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3 Garden Insects You Should NEVER Kill

This being Friday, you know I am just dying to share some of the great info I learned in my Master Gardener class. Yesterday’s class was taught by a highly regarded entomologist and was all about the insects we’re likely to find in the typical Southern California garden. While listening to the lecture and dutifully jotting down notes, I noticed a theme. Gardeners apparently often think that their garden is infested with bad bugs, but the critter they are squishing left and right is actually a good guy.

With that in mind, I thought I would peruse the UC Integrated Pest Management website for some information about insects that you might not realize are beneficial to the plants growing on your balcony or patio…

Assassin Bug

I used to see these guys at my old apartment all the time. At first I thought they were pests, but my neighbor’s friend is a Master Gardener and he informed me that they were actually a beneficial insect that preys on a wide variety of pests.

From the University of California:

Assassi bug adults and nymphs are often black, reddish, or brown. They have long legs; a long narrow head, round beady eyes, and an extended, 3-segmented, needle-like beak. Nymphs are quite small, 5 mm (1/4 in) in length when they hatch and grow to an adult size measuring approximately 2 cm (3/4 inch). . . . All assassin bugs are predators, some species feed on insects while others feed on the blood of mammals. Insect-feeding species eat a wide variety of small to medium-sized insect prey including caterpillars, leafhoppers, other bugs, and aphids.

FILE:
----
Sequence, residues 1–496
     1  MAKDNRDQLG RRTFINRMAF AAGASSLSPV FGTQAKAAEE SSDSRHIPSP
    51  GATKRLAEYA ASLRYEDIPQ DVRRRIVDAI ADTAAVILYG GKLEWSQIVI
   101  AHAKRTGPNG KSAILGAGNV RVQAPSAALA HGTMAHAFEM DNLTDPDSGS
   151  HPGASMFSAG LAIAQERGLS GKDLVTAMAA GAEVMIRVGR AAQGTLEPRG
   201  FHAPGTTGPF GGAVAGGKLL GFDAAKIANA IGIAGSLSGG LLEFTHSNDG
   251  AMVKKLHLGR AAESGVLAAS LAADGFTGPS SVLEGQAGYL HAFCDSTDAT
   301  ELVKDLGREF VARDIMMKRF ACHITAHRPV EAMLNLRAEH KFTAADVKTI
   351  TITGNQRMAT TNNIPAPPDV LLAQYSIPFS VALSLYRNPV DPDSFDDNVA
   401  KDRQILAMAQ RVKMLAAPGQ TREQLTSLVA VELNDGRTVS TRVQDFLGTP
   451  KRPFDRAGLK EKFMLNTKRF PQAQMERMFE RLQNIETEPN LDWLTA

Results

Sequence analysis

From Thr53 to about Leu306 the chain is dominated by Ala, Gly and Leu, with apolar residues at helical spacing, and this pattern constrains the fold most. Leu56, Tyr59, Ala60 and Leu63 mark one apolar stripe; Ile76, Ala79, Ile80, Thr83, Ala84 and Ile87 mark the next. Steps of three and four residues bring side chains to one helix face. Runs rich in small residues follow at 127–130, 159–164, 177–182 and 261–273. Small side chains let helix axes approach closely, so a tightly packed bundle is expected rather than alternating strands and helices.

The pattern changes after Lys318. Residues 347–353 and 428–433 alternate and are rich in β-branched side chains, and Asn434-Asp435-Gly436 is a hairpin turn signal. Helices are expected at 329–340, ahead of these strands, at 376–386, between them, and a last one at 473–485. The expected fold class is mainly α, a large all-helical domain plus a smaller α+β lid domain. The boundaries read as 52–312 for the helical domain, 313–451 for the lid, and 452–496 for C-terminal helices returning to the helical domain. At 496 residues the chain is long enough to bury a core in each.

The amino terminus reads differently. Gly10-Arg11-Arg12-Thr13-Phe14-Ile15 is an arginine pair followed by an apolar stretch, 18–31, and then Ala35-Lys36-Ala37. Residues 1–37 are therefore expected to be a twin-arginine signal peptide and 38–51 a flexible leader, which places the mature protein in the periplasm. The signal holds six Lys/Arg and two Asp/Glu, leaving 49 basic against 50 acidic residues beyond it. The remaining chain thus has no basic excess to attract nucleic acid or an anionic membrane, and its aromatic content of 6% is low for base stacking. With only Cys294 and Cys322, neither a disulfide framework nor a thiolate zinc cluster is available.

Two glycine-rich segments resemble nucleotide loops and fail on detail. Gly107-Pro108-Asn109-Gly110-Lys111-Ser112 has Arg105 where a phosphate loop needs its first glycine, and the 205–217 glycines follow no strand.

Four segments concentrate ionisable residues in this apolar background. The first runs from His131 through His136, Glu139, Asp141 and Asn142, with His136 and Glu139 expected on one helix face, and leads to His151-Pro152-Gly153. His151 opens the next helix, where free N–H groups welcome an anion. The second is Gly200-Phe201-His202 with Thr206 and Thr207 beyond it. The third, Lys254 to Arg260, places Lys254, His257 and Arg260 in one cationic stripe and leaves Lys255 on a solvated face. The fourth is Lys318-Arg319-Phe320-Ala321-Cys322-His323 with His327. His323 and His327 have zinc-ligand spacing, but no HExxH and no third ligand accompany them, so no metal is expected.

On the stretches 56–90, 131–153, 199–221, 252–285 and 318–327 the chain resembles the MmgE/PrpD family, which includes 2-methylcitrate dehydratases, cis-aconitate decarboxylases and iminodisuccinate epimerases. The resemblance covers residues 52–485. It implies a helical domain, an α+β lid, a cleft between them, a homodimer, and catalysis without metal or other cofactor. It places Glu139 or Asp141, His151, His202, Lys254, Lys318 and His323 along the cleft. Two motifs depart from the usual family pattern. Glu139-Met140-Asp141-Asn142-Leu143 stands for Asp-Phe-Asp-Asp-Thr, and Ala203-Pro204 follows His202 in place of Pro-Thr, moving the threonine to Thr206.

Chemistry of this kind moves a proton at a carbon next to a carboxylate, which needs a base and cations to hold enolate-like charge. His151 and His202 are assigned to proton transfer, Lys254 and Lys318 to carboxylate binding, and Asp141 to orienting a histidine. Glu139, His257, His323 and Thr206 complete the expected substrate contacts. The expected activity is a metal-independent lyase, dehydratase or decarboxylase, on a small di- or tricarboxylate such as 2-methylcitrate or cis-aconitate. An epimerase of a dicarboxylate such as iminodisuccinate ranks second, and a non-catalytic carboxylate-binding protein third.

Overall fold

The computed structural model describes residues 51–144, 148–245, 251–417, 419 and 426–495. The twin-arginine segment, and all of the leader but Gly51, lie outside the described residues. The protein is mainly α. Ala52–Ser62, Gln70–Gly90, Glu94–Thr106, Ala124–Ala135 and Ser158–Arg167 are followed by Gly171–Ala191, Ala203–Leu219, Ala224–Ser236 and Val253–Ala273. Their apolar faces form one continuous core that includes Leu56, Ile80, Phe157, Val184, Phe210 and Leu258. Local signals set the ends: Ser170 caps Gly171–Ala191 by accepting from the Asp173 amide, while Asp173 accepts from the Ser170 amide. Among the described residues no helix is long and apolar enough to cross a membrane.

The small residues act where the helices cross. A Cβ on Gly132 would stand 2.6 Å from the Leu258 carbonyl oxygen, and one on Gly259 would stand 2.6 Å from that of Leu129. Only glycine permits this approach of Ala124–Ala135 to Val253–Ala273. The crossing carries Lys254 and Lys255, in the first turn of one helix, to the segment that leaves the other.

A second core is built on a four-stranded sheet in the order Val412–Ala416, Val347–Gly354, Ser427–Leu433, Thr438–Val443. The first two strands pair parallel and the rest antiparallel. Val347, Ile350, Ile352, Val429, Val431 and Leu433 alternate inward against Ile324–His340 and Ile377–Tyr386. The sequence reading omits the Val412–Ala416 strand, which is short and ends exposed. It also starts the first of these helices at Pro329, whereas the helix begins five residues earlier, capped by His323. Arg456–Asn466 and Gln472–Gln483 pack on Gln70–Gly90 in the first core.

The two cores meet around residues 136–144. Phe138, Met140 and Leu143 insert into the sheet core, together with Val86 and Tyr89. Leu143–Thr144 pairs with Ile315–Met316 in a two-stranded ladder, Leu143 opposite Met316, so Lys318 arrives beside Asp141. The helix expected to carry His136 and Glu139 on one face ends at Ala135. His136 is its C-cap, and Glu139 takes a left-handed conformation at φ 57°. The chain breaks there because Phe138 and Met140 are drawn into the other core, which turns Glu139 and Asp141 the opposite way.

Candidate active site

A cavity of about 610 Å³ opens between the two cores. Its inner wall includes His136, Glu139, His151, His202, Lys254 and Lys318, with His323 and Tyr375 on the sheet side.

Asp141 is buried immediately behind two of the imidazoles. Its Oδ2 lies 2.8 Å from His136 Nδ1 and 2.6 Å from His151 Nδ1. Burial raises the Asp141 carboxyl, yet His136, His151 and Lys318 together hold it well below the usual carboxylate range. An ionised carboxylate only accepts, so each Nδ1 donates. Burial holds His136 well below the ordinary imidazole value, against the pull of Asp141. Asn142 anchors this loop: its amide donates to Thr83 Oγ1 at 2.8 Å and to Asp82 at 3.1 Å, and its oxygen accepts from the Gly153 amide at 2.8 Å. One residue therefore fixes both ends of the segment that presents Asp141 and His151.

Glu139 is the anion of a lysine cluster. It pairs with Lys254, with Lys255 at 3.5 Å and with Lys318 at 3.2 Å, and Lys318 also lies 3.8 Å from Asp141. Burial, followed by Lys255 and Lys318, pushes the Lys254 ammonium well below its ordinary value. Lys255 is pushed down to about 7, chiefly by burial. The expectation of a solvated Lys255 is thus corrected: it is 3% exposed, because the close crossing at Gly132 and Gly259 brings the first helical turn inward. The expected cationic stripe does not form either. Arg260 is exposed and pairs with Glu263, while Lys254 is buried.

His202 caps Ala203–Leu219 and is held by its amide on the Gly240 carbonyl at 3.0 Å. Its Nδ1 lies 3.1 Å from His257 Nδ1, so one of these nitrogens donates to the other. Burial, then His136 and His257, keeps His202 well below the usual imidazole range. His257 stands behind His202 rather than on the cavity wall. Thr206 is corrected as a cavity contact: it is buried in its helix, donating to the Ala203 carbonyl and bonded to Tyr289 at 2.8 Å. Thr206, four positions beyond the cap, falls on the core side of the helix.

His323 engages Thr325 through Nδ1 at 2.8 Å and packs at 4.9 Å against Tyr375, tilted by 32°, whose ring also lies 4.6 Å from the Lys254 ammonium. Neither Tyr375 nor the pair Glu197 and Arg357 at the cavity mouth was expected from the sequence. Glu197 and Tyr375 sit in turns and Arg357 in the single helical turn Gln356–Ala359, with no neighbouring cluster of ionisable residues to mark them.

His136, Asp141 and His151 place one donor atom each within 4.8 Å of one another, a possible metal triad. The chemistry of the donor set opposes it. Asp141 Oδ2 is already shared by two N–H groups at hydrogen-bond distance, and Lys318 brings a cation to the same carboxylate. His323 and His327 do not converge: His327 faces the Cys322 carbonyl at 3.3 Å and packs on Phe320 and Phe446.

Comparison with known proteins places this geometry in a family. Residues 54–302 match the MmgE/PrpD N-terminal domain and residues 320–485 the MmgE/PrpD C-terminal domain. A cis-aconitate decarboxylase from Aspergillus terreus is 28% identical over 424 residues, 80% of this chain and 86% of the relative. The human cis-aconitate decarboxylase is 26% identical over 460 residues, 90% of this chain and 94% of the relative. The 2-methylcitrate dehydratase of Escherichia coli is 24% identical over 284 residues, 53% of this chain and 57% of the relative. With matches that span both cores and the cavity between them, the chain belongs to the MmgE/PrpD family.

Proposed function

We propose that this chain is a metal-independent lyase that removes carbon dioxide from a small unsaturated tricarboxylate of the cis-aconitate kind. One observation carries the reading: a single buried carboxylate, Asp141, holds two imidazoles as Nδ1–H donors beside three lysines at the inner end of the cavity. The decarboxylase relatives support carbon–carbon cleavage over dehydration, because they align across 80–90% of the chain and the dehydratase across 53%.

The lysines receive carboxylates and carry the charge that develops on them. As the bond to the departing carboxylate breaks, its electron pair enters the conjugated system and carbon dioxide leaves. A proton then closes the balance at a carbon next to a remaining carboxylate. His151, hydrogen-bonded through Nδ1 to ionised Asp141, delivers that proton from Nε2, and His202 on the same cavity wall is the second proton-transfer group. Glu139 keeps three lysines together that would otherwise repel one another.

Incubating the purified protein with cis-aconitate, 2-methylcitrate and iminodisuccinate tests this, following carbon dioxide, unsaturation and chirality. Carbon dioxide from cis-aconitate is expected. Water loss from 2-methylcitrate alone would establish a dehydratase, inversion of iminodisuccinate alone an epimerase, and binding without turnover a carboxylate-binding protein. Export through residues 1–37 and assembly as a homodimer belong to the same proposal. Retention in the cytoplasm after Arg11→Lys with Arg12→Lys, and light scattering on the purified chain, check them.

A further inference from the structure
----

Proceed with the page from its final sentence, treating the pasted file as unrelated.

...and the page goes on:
Syrphid, Flower, or Hover Flies

A neighborhood kid once pointed at a syrphid fly and told me it was a wasp that would probably sting me if I wasn’t careful. I looked at the insect in question and thought it was a relatively harmful bee and decided to go about my business. But when I got home and decided to try and figure out exactly what the black and yellow flying insect was, I discovered it was probably a syrphid fly. Even less harmful than a bee…

From the University of California:

Syrphid flies are regularly found where aphids are present in agricultural, landscape, and garden habitats. Adults of this stingless fly hover around flowers, have black and yellow bands on their abdomen and are often confused with honeybees. . . . Adult syrphid flies feed on pollen and nectar, while it is the larval stage that feeds on insects. . . . A single syrphid larva can consume hundreds of aphids in a month. Not all syrphid fly larvae are predaceous, some species feed on fungi.

Minute Pirate Bugs

I’m including these guys because the name is awesome and they’re very common in Spring. They also like to nosh on some of the most annoying pests we container gardeners see on our plants: thrips, mites, aphids, whiteflies, and small caterpillars.

From the University of California:

Adult minute pirate bugs are small, 2-5 mm (1/12 to 1/5 inch) long, oval, black to purplish with white markings, and have a triangular head. Adults can be confused with plant bugs in the family Miridae, which are generally larger, have longer antennae, and only have one or two closed cells in the tip of their forewings. . . . They are generalist predators and are often the first and most common predaceous insects to appear in the spring. Minute pirate bugs are common insect predators in many crops including alfalfa, corn, small grains, cotton, soybeans, and tomatoes as well as on ornamentals and landscapes. Adults and nymphs feed on insect eggs and small insects such as psyllids, thrips, mites, aphids, whiteflies, and small caterpillars. Commercially available Orius spp. are sometimes released in greenhouses to control thrips.

What beneficial insects have you seen in your garden?

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